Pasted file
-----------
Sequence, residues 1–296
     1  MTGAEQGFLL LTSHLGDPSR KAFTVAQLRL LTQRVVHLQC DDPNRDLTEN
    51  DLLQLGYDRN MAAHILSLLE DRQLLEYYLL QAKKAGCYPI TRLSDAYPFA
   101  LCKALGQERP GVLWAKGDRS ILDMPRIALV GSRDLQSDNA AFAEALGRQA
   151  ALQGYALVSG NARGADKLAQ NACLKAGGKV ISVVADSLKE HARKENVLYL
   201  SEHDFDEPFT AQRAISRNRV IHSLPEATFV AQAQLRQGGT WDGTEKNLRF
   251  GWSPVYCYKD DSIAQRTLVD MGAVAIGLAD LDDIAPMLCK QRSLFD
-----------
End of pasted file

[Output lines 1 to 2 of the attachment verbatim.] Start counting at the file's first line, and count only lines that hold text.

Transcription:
Sequence, residues 1–296
     1  MTGAEQGFLL LTSHLGDPSR KAFTVAQLRL LTQRVVHLQC DDPNRDLTEN